But nobody in the world, including even Brian Cashman probably, thought Damon would play as well as he did. I think the whole world was expecting Damon to fall apart, especially after he showed up to camp flat-out fat in 2007, started contemplating retirement, and played horribly for three months in that year before hitting like .600 in September and famously overcoming Coco Crisp's batting average and preventing a 10-page senior thesis about Crisp's superiority on How Youz Doin Baseball. It is a testament to Damon's talent that he could come back from that and then subsequently put together two more stellar seasons. Maybe he was fueled by the disrespect.

The Red Sox' biggest mistake in the whole ordeal was misjudging Coco Crisp's upside, giving him an asinine contract extension right after trading for him. Although Crisp is still #1 in my heart no matter what number he is in your program, that was probably the Red Sox' biggest snafu in their handling of finding a replacement for Damon. If you take me back to 2005 with the information available in 2005 (i.e. without knowing what actually would happen the next four years), I'd still unequivocally say the team should let Damon walk instead of paying him $13 million a year. But now you can't really deny it. He was undervalued. He was underestimated. And while his mouth certainly helped run him out of town...

...Johnny Damon actually was disrespected.

Sunday, November 15, 2009

Will Someone Get Traded?

Not an eventful weekend. The best the Globe has is that Johnny Damon's numbers are virtually the same between his four years in Boston and his four years in NY (something that will be addressed here later this week). The best the Herald has is that the Twins have maintained competency instead of aspiring to take it to the next level when letting go of Santana. They will prove their commitment to winning if they can get Mauer to extend himself. The best ESPN has is that the Rookie of the Year award should factor in future projections to prevent the Ben Grieves and Marty Cordovas from winning the award and flaming out.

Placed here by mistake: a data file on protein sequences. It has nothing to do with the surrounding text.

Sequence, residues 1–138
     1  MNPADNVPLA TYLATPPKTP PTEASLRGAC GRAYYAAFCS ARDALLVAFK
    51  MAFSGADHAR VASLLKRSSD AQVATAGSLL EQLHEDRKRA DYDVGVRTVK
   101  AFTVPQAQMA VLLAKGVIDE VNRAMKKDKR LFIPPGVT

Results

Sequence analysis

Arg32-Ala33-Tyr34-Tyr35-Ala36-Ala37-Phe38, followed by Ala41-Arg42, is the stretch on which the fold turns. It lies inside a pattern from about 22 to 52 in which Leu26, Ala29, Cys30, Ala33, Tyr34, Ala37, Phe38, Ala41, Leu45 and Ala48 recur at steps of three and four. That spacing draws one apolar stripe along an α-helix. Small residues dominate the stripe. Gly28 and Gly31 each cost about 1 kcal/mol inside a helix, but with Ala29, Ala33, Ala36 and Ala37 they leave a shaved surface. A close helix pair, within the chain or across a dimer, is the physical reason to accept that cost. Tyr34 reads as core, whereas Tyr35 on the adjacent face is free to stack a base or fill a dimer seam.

So this thread is to discuss whatever. You can discuss the Patriots game if you want. But maybe to get some kind of direction, I am wondering whether the Red Sox will trade someone significant to get someone significant in return. None of these guys they want are going to come to Boston for a trade package of Michael Bowden, Ryan Westmoreland, and Dustin Richardson. The Red Sox would have to trade someone of serious substance. It's going to be an interesting offseason with such a weak free agent market. Here are some trade candidates:

-Jonathan Papelbon: The most obvious choice. Despite an abysmal season in 2009 to anyone who was watching the guy play baseball on a regular basis, people who just look at stats probably don't know that he's a one-pitch wonder who's abandoned everything else. They see the lowish ERA and the high save count and might give up something of substance. Plus, the Red Sox have other bullpen options in Ramram and Bard. And he's an upgrade over most closers in the league. I mean, David Aardsma was a closer last year.

-Josh Beckett: One year left in the contract, so he's virtually a poor man's Roy Halladay right now. Except the potential seller is at least a suspect contender, unlike Toronto. Let's face it: Beckett has not put together more than one superb consecutive season in his career, and I don't see the Red Sox overpaying him in the free agent market. I bet the team would rather trade him than trade Buchholz at this point.

-Mike Lowell: The Globe's Nick Cafardo wrote today that there's a market for him. Sox would have to eat some money. But who knows.

-Manny Delcarmen: Do other teams think he has "great stuff and great makeup?" Or is that Kool-Aid actually just consumed in Boston?

-Forty-Six: He's a good player. He's still under contract for a little while. But I bet he's not untradable. There are a lot of center fielders on the trade market, and while nobody would trade Crawford for 46 straight up...or Granderson for 46 straight up, they could be had for 46 and someone else. Even if he's traded for someone other than a center fielder, I feel like the team is still pretty high on Josh Reddick, so finding a replacement might be that easy.

-Matsuzaka: The Red Sox seem pretty committed to Matsuzaka, so I don't see him getting traded. His contract is also reasonably burdensome for a guy who walks the bases loaded all the time. I think he stays.